Be prepared if you're travelling when pregnant
12 February 2011 12:51
Women choosing to take a holiday before their baby is due are being advised to make sure they are prepared just in case their baby decides to make an early appearance during the holiday.
Last year the unexpected arrival of David and Samantha Cameron's daughter whilst holidaying in Cornwall meant that Samantha was taken into an unfamiliar hospital at very short notice. As the family were staying in the UK there would have been very few concerns about the level of treatment, hygiene or facilities at the hospital. However, what happens if you are on holiday abroad and your baby is born early?
There are many restrictions on travelling when pregnant, for example, most airlines will not permit a woman to fly after 36 weeks. And even before that time, some airlines will request a 'fit to fly' letter from a midwife or Doctor.
Travelling by sea also has restrictions; Brittany Ferries will not allow travel after 32 weeks, and this is reduced to 28 weeks if they want to use the high-speed service. P&O will not allow women to take the Western Channel routes after 28 weeks, although the Short Sea (Dover-Calais) and Irish Sea crossings are more accessible, still being available up to 38 weeks.
There are no restrictions when it comes to travel by road or rail, so it is possible that some women may find themselves in a similar situation to Samantha Cameron, having opted for a last minute 'babymoon' holiday before the birth, only to find that junior has other plans and wants to join in with the holiday by making an early arrival.
Travel insurance specialist, World First Travel Insurance is advising women to consider their travel plans carefully and make sure they have adequate travel insurance cover as well as making sure they have considered the implications of giving birth abroad.
Managing Partner of World First, Martin Rothwell said, "Any woman considering taking a holiday while pregnant should consider taking out pregnancy travel insurance. Our policies cover the entire term of pregnancy so women can still take holidays right up until their baby is born, providing their carrier permits them to travel.
"It's important for women to make sure they take out insurance as well as having a European Health Insurance Card (EHIC). Some people have made the mistake in the past in thinking that the EHIC will cover all of their medical needs, this is not the case; one vital difference is that the EHIC won’t help you to get back home if you require treatment back in the UK. The only way to have true peace of mind is to take out travel insurance."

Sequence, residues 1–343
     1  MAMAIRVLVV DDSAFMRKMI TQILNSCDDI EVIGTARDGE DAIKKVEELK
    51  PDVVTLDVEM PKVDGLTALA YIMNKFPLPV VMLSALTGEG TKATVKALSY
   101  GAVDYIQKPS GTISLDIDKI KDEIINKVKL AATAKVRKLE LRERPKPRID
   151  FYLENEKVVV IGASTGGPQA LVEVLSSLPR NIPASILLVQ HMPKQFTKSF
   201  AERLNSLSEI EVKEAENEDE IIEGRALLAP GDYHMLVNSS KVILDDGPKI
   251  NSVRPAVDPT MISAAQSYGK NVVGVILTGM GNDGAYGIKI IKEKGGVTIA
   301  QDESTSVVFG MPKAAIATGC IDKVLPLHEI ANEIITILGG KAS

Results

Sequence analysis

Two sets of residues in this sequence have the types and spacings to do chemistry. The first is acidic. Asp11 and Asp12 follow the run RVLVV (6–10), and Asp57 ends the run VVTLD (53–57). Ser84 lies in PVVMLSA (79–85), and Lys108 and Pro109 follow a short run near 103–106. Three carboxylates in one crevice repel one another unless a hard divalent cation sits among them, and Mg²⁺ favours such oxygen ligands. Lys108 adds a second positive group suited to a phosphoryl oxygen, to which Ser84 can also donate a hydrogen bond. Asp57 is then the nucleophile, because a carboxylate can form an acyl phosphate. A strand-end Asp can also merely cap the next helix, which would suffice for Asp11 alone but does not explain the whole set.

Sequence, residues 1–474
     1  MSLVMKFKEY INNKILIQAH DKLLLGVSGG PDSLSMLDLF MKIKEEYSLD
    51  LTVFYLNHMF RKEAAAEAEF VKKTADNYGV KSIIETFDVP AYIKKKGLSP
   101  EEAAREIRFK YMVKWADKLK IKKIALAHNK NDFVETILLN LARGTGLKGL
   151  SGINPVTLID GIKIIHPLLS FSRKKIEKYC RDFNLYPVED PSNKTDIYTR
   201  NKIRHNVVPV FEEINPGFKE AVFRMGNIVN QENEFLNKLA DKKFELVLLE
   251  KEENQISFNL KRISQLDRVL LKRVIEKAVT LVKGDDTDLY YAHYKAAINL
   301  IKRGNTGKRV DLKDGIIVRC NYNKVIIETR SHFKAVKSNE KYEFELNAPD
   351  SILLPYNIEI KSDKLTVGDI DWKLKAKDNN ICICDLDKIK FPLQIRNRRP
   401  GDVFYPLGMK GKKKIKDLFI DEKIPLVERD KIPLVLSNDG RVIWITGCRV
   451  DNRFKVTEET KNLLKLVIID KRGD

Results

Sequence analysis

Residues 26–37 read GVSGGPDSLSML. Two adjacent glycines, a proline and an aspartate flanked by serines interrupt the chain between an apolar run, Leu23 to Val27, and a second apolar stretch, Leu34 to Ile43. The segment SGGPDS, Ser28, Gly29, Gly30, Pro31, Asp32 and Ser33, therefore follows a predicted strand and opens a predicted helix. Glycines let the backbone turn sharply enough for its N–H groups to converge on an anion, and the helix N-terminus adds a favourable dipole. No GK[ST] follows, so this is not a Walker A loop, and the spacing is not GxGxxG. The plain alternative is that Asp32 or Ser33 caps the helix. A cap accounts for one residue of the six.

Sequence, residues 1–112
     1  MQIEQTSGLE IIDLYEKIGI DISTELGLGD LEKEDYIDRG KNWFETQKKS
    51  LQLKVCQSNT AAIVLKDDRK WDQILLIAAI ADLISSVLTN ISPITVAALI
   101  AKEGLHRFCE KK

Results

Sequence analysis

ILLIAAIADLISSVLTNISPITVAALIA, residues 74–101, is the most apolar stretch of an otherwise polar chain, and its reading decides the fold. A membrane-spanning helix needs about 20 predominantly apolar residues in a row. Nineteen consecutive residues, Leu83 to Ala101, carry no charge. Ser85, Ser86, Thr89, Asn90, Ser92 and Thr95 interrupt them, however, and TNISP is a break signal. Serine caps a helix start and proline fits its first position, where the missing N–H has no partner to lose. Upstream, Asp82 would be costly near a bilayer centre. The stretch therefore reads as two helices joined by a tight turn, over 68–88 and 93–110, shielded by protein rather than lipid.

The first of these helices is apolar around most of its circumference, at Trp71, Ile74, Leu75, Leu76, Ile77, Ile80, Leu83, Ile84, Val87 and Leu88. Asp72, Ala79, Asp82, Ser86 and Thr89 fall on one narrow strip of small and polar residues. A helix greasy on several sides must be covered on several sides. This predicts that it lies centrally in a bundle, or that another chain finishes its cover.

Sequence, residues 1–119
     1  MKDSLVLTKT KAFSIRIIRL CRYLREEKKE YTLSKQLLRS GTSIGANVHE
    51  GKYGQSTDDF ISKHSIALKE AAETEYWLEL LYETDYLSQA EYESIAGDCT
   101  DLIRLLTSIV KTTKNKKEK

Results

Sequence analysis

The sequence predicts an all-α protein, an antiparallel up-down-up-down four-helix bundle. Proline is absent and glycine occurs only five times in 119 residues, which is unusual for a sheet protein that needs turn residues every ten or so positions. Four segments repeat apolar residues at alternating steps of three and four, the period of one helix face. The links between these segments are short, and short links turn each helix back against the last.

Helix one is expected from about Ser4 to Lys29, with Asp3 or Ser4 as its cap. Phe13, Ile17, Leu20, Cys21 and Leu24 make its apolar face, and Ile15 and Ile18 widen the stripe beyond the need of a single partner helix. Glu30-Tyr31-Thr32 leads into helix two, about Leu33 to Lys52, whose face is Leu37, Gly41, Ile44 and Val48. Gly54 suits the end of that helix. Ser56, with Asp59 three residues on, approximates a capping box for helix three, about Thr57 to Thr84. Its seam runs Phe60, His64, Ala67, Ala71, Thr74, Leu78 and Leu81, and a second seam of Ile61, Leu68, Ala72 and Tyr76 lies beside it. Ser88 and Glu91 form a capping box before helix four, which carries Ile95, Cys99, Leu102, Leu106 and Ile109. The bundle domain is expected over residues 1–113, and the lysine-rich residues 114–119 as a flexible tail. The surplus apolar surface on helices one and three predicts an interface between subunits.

When it comes to the travel insurance policy, women are advised to read the small print carefully as not all travel insurance policies are the same, and many will find a get out clause if there is a problem during pregnancy. Most travel insurance policies exclude any claim if travelling at more than 32 weeks pregnant, or 24 weeks for multiple births from the date of delivery. But it's worth noting, that as long as the airline or shipping company says it's okay to travel, and there have been no complications in this or in previous pregnancies, World First will provide full cover under the medical and emergency expenses for both mother and newborn child.
Martin added: "Along with the practical side of things, it's important that people get an idea of the type of health care available in the country they are visiting and also where they are staying in relation to the closest hospital or medical facility. It's far better to be prepared, just in case."
Another point to consider is that even if you are covered for pregnancy by your travel insurance, insurers can only pay for medical treatment that is readily available, so if the baby is born in a remote area, then you will end up in hospital in that area, and it might not be of the same standard as the hospital at home in the UK where you had planned to have the baby.
World First's top tips for travelling when pregnant:
- Check that you are able to travel - both outward and return journeys
- Get the right travel insurance policy – and read the small print
- Do your research – find out how close health care and medical facilities are to the accommodation
- Be prepared - take some essentials with you, just in case: blanket, baby grow, bottle, nappies and wetwipes
- If travelling in the latter stages of pregnancy take your hospital bag with everything the mid-wife suggested would be needed when having your baby in the UK.